Where accumulators are used to store the hydraulic power used during davit lifting and lowering, increasing the hoisting speed may only be a matter of boosting accumulator specifications, Nordin explains. If the customer’s priority is to save power, the capacity of the HPU (hydraulic power unit) can simply be reduced for lower speed operations.

“The Vestdavit view is that the performance standards formulated for davits by IMO include operating speed guidance that we don’t think is optimal for safety, particularly when lifting boats clear in rough seas,” Nordin says. “Customers are asking us for higher speed operations using the same power, particularly in the offshore and naval markets.”

In the case of already operational davits, market conditions are encouraging customers to seek power consumption savings while maintaining existing speeds, he adds. “In this case, options could include retrofitting accumulators or, where accumulators are already installed, assessing the need for additional valves or valve capacity to improve oil flow. Space can be a constraint if the HPU needs a larger tank volume, so it is always a case of precise calculations and close consultation with our customers.”

Given the precise nature of the speed/power trade-off, Nordin says a generic solution is not appropriate. Vestdavit is trialling equipment at its own test facilities in Bergen and Poland to support the calculations covering available speed/power gains for both newbuildings and retrofit solutions, he says.

“Our key focus is always on the operational effectiveness, safety and the reliability of our equipment,” says Rolf Andreas Wigand, Vestdavit Managing Director. “To achieve that, we work with our clients right through the product development process and follow that with a lifetime service commitment. Listening and collaboration drive innovation at Vestdavit.”

For more information:
Thomas Nordin
+47 40 48 42 50

Royal Navy prefers PLR-5000 for latest OPV duo

The UK Ministry of Defence has given the go ahead for BAE Systems to build two further Royal Navy ‘River Class’ offshore patrol vessels, in a move that signals good news for Vestdavit. The contract brings the total number of River Class OPVs now due delivery from Glasgow under the MOD’s ‘Batch 2’ ordering round to five, with all five to be equipped with davits from Vestdavit.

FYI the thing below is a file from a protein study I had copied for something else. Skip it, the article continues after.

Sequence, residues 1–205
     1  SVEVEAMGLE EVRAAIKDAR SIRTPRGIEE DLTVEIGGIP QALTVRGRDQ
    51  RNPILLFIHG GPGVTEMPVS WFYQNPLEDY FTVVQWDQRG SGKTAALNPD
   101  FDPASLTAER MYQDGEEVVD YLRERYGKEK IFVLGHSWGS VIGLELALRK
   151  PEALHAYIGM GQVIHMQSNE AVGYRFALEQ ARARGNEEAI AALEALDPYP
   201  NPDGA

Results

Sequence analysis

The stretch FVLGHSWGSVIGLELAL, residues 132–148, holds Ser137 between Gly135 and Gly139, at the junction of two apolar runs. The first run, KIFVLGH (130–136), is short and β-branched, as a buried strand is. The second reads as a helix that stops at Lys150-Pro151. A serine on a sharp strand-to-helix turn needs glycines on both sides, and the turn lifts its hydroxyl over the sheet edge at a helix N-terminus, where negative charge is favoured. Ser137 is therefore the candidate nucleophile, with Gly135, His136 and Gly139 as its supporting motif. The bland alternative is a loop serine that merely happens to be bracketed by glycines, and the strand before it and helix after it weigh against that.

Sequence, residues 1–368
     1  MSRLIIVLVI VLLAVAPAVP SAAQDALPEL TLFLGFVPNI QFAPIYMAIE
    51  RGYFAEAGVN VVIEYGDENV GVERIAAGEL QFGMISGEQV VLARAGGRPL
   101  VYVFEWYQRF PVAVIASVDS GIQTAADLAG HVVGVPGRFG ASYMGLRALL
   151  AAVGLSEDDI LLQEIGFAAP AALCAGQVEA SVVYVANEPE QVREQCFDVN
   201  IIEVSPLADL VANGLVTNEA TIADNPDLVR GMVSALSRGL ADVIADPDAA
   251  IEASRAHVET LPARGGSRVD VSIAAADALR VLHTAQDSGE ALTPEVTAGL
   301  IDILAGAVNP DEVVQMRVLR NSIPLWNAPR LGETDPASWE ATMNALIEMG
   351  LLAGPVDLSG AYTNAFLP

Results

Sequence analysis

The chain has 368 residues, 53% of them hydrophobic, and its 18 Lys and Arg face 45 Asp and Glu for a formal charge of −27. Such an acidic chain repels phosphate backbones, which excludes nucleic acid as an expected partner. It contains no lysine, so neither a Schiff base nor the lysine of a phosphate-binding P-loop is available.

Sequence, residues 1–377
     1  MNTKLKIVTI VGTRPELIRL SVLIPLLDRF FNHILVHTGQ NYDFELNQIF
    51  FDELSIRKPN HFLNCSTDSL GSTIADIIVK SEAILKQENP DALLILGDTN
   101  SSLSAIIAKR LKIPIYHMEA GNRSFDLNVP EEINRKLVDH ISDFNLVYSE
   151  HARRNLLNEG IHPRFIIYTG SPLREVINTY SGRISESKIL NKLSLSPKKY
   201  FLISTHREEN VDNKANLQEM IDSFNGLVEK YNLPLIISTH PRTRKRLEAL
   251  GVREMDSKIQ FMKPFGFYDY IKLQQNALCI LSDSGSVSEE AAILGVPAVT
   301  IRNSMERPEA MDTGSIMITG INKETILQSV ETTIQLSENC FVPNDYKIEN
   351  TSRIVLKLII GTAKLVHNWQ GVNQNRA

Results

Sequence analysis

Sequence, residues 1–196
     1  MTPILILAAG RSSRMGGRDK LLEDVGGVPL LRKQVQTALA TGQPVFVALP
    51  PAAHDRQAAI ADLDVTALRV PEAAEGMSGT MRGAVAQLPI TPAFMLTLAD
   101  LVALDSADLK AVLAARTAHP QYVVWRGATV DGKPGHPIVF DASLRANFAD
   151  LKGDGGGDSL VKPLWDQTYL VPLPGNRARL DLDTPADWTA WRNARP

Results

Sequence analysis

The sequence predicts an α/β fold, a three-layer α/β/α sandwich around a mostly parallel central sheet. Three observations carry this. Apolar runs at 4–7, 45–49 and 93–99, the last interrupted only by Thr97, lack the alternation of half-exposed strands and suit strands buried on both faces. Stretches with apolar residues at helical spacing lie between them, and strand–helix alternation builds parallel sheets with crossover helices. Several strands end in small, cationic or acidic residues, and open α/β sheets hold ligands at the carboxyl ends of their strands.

The 90.5 m length River Class vessels are not designed for combat. They will be globally deployable to operate over a range of 5,000+ nautical miles, and will be available for counter-terrorism, counter-piracy and anti-smuggling duties, as well as for policing fishing quota agreements.

All five of the River Class OPVs will be fitted with two Vestdavit PLR-5000 davits, the high specification units designed for multiple operations that are robust enough to perform in the harshest environments, up to sea state 6. Davit systems are often referred to as the ‘primary weapon system’ of an OPV.

The compact PLR-5000 davit is built to a modular, skid mounted design for easy installation and maintenance. It can be exchanged between ships or relocated on board an individual ship, to reflect changing davit requirements.

The first River Class OPV, HMS Forth, is due delivery in 2017.

Fully prepared for Polar Code

IMO safety standards are a minimum: entry into force of the Polar Code from January 2017 holds no surprises for Vestdavit, which has exceeded the new standards for many years.